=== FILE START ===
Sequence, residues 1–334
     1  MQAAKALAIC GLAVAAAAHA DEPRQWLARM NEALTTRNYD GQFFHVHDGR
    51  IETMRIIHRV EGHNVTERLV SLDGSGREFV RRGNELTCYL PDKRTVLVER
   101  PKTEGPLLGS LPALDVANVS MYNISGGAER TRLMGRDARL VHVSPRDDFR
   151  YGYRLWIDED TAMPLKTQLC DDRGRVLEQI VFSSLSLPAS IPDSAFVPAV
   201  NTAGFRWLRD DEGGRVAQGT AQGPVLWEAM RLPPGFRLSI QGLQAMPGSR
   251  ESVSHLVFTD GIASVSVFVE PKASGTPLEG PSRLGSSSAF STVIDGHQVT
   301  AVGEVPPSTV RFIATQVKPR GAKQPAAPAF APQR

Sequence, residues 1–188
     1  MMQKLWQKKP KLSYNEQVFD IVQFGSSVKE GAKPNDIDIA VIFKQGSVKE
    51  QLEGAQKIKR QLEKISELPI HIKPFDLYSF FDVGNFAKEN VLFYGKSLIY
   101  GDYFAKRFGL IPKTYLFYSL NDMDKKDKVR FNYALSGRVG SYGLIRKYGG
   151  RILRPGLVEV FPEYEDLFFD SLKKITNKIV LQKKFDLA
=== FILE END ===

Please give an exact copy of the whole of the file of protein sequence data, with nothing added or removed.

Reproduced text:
Sequence, residues 1–334
     1  MQAAKALAIC GLAVAAAAHA DEPRQWLARM NEALTTRNYD GQFFHVHDGR
    51  IETMRIIHRV EGHNVTERLV SLDGSGREFV RRGNELTCYL PDKRTVLVER
   101  PKTEGPLLGS LPALDVANVS MYNISGGAER TRLMGRDARL VHVSPRDDFR
   151  YGYRLWIDED TAMPLKTQLC DDRGRVLEQI VFSSLSLPAS IPDSAFVPAV
   201  NTAGFRWLRD DEGGRVAQGT AQGPVLWEAM RLPPGFRLSI QGLQAMPGSR
   251  ESVSHLVFTD GIASVSVFVE PKASGTPLEG PSRLGSSSAF STVIDGHQVT
   301  AVGEVPPSTV RFIATQVKPR GAKQPAAPAF APQR

Sequence, residues 1–188
     1  MMQKLWQKKP KLSYNEQVFD IVQFGSSVKE GAKPNDIDIA VIFKQGSVKE
    51  QLEGAQKIKR QLEKISELPI HIKPFDLYSF FDVGNFAKEN VLFYGKSLIY
   101  GDYFAKRFGL IPKTYLFYSL NDMDKKDKVR FNYALSGRVG SYGLIRKYGG
   151  RILRPGLVEV FPEYEDLFFD SLKKITNKIV LQKKFDLA